Scientists are trying but failing to find a DIY hangover cure that actually works


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No one really knows how to cure a hangover, a new review from scientific studies have discovered. The review found little good evidence for any particular hangover cure, with existing ones studies are generally of low quality.

The review was conducted by researchers in the UK with the support of the National Institutes of Health Research (NIHR), the largest public funder of clinical research. The team reviewed 21 different clinical trials testing different alleged hangover medications. These include curcumin (the primary ingredient that gives turmeric spice a bright yellow color), red ginseng, NSAID painkillers such as loxoprofen, probiotics, artichoke extract, pear juice and a supplement n-Andcetyl-l-cystones (NAC), among others.

Most studies have failed to find any benefit for The team found hangover symptoms from these treatments. Even for those who found a statistically significant effect for some symptoms, the researchers were not too impressed with the quality of the data collected. No study has dealt with the same hangover cure, nor have some results been independently replicated by other researchers, which is needed to confirm whether something in medicine works as advertised.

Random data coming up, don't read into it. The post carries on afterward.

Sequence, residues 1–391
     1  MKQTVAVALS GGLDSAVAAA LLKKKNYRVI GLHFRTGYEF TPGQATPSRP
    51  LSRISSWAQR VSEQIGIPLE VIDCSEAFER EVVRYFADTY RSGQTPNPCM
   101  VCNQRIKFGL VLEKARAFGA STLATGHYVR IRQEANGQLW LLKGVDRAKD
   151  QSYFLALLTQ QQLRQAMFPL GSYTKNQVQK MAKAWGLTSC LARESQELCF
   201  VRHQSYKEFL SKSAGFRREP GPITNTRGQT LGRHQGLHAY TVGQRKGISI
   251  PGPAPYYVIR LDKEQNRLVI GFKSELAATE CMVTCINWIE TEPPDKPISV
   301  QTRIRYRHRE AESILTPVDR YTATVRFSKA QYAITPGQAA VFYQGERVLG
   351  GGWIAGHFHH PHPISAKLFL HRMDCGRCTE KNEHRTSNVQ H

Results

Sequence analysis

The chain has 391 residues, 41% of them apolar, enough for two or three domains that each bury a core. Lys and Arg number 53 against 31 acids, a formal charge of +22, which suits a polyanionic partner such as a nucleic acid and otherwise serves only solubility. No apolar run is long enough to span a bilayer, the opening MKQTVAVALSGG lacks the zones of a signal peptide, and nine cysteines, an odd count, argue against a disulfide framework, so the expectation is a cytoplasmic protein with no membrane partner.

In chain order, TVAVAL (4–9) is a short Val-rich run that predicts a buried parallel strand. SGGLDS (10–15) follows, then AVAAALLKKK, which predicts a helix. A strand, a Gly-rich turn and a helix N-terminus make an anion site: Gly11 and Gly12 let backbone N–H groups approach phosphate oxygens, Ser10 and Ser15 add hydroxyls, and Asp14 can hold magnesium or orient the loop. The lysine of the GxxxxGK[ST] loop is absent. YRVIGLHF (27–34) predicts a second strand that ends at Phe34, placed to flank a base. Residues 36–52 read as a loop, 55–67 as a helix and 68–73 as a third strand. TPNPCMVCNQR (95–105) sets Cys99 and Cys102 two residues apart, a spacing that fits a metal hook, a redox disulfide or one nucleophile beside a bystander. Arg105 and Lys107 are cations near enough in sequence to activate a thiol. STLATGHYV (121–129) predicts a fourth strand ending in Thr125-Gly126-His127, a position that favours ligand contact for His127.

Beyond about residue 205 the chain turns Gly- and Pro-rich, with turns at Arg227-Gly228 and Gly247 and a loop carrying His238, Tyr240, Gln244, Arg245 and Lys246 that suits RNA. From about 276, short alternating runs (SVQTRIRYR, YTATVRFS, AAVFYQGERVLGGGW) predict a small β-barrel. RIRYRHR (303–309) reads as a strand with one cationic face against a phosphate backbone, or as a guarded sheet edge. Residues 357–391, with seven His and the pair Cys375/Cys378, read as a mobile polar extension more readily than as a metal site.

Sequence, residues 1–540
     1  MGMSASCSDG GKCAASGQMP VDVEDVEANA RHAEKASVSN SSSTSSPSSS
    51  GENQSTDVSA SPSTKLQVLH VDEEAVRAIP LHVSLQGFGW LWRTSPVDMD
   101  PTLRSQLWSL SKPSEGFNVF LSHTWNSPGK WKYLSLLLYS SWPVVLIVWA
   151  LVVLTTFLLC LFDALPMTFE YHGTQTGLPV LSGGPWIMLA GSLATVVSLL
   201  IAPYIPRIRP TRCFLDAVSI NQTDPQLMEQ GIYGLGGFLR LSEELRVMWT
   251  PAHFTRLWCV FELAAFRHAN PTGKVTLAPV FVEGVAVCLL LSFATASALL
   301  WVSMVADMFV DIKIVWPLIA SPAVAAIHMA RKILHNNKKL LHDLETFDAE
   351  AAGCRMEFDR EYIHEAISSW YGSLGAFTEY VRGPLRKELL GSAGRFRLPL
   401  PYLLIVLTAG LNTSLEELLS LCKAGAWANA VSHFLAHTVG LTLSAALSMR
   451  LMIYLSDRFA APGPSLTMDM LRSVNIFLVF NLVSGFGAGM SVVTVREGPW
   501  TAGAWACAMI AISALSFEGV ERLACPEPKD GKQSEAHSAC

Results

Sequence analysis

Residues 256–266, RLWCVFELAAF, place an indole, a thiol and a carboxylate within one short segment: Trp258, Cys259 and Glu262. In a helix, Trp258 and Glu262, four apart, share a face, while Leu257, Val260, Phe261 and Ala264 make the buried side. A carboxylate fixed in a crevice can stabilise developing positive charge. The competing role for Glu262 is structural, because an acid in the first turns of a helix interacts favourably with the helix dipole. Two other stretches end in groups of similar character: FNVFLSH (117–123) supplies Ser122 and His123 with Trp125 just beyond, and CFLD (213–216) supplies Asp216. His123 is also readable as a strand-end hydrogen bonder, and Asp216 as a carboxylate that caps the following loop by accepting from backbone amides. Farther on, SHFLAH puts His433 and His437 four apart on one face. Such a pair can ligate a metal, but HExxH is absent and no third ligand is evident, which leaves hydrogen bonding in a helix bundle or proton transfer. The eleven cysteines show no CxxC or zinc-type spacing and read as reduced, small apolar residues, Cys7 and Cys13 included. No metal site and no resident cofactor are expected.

The team also noticed some obvious flaws in many hangover drug experiments. Eight studies, for example, completely excluded women. The studios also had very different designs from each other, which it can do it is difficult to compare the results. Some included food, others did not, and several different types of alcohol were used to get people drunk. The rest Common hangover medications, such as acetaminophen or aspirin, have apparently never been studied in randomized and controlled trials.

The the findings were Published in the journal Addiction.

“We have a limited number of poor quality studies examining hangover treatment,” Gizmodo said in an email to lead author Emmert Roberts, a clinical researcher at King’s College National Addiction Center in London.

Of the various drugs they studied, three appeared to be promising compared to placebo. These were clove extract, tolfenamic acid (an NSAID painkiller available in the UK) and pyritinol (an analog from citamin B6). These treatments will most likely guarantee a rigorous clinical trial, Roberts said. IIn fact, all future studies should use more universal and validated standards, including one to measure hangover symptoms. They should also be pre-registered, relatively large and more representative of the population, including women.

For now, however, there is only one clear method to avoid a hangover. “The surest way to avoid hangover symptoms is to drink in moderation or abstain from alcohol,” Roberts said. “However, Very low quality evidence suggests that clove extract, tolfenamic acid and pyritinol have the strongest evidence to reduce overall hangover symptoms compared to placebo, and everything seemed safe. ”


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